When you are purchasing a sofa for your living room, consider how much time you spend sitting there every day. Be very realistic. You might watch television, or read, after dinner every weeknight for three hours. Say you binge-watch television for five hours on the weekends. You know how important the comfort of your bed is? How they say you spend a third of your life in bed? Think of the seating in your living room like that. You spend a good amount of time there! If you sit on your sofa for three hours every day, that’s 1/8 of your life on that sofa! The only things you are sitting or laying on more than that are your bed, your car, and what ever seating you have at work (if any!). No one wants to buy a new sofa every year, so make it count. Here are the three most important tips to remember when buying a sofa.
How To Buy The Best Sofa: Measure, Measure, Measure!
Please, please, please measure the space where the sofa will be. Don’t look at a wall, decide it is about ten feet long, and think any old sofa will fit there. You must measure. You need to determine if there will be enough space for items like end tables, a matching chair, or a coffee table. Think about what else is going to be around this sofa. Is there a window in that wall? Will you be able to hang curtains behind it? How deep will the sofa be? Does it leave room for the coffee table? Will there be room to walk around it? Draw a little mock-up floor plan to help you visualize the dimensions of the space. I often draw a quick floor plan, using one inch of a line as one foot of wall space. It’s not rocket science precision, but it will get you close enough to see what kind of space you are working with.
Next, measure the sofa you want. Measure length, width, depth, and height. Then go back home and make sure this will fit in your home. Does it take up more space than you imagine? Is it too small compared to your other furniture? Will you be able to fit end tables, table lamps, or whatever you want around it? Draw the dimensions of the sofa on your floor plan to make sure you have the right size. How does it compare to the other seating in the room? Will it work?
While you are at it, check the return policy. One can measure all day long, but it still might not look right when you see it in your home. Check before you buy.
How To Buy The Best Sofa: Consider the Upholstery
Consider what kind of upholstery your sofa should have. Some people with pets or small children think that leather might be the best way to go. It is beautiful and durable, that’s for sure. It allows for easier clean up in case of accidents and spills. I wanted a leather sofa at one time because of my pets, until I met a woman with pets and leather furniture. She had holes and scratches in the leather from her pet’s claws. Not a good look. Another problem with leather is that it can be very warm. If you live in a very warm or humid climate, leather can be uncomfortable to spend too much time on. Keep this in mind if you go with leather. I’m warm-natured, and I live in a hot and humid environment. No leather for me, not matter how beautiful it is.
Cotton and twill can be sturdy, provided the fabric has a tight weave. A looser weave fabric, such as linen, can get snagged and wear quicker where there is more contact. An excellent option is a synthetic microfiber. Liquids will not penetrate the surface right away and a quick blot with a towel will fix a spill. It’s also very easy to use a lint roller on microfiber to remove pet hairs.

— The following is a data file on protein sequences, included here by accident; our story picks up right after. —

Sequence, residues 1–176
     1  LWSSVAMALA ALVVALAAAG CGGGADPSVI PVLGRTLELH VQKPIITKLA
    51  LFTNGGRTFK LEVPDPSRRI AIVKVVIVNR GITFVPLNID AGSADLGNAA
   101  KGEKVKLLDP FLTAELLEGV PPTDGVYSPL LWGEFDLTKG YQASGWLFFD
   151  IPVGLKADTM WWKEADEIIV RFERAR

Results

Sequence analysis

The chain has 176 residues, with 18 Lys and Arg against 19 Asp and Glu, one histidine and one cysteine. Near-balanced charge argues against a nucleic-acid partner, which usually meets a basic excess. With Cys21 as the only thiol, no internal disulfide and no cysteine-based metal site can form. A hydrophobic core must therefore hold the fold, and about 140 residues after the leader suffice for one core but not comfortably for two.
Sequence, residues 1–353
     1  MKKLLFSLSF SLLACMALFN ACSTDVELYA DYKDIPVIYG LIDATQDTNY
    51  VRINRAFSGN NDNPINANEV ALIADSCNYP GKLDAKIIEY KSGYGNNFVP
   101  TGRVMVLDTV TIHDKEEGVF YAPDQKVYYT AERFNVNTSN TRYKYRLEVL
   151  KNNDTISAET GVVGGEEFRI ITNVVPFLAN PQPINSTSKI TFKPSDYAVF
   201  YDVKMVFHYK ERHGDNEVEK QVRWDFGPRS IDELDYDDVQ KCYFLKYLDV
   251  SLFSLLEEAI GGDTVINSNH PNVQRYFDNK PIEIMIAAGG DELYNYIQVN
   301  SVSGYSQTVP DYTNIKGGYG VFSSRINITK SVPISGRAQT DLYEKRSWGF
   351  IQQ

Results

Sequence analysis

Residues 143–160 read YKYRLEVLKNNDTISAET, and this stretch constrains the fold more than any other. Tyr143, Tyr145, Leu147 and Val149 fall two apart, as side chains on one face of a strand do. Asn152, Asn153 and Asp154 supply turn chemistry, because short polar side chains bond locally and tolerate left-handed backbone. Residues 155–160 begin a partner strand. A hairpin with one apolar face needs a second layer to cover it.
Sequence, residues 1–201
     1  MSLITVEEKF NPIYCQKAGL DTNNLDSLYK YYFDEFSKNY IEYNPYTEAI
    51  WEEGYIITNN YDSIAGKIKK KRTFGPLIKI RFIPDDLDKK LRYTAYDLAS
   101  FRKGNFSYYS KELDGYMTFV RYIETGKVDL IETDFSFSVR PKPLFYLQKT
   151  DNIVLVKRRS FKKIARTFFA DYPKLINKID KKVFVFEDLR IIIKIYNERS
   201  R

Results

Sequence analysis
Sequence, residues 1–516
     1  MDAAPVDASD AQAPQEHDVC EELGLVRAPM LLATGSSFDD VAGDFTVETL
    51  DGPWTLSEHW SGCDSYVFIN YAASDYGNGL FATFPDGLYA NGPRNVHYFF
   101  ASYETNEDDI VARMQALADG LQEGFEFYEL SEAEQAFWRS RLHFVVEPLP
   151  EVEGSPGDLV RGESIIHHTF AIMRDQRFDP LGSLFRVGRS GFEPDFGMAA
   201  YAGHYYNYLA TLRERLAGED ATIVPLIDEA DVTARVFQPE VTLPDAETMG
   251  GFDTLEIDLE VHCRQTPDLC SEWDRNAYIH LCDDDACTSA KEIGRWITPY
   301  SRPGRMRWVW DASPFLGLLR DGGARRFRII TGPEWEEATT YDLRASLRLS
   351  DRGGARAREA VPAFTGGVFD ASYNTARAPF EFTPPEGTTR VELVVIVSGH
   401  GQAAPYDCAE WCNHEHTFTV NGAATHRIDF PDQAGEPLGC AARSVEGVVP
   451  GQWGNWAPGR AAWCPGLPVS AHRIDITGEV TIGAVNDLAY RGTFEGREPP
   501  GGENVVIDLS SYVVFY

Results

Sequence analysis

Whatever you do, vacuum it frequently, and keep up a yearly scotch-gaurd treatment.
How to Buy The Best Sofa: Sit On It.
You heard me. Sit on it. Go to the store and sit on the furniture to see how it feels. I had a client who wanted a particular style of sofa he saw at Pottery Barn, but he didn't want to pay the Pottery Barn price. He heard that IKEA had a similar couch for much cheaper. He thought a $300 IKEA sofa would as good as a $2000 Pottery Barn sofa. He wanted to spend the least amount of money needed to decorate his living room. I took him to IKEA, where he tried out the Ektorp sofa. Nice enough, lots of slipcover variety, and it would fit his space fine. He sat on it, and thought, “This will be okay.” I reminded him that he worked from home, often on his sofa with his laptop. Is he okay with the way the cushions deflate and not spring back? Is he okay with the way the floor model looks worn down on the arms, and the pillows are flat? That could be your sofa in a few months. When it comes to upholstered furniture, you get what you pay for. That $300 IKEA sofa is not going to stand up to being sat on for close to eight hours a day, and still look good after a month. Of course, whatever he decided to go with was fine with me, but I persuaded him to go to Pottery Barn and sit on the one he originally wanted and feel the difference. Of course the difference was night and day. The construction, the fill of the cushions, and the feel of the fabric were far and away superior. I smiled when he called me later and said, “Go with the Pottery Barn couch.” I knew it!
Before you buy that bargain sofa at Big Lots or IKEA, test out sofas from all price levels and get the best you can afford. You will have it for a very long time compared to discount sofas.
So remember, when buying a sofa, or any upholstered furniture, remember to measure! Measure the space and the sofa for a good fit. Make sure the upholstery is in line with your lifestyle. A person with pets or toddlers might have different needs than a retired couple. And lastly, go sit on it. Go test out the sofa and make sure it fits your lifestyle and is comfortable. When it comes to upholstered furniture, buy the best you can afford. You get what you pay for.
Let me know your thoughts in the comments. I 'd love to hear from you!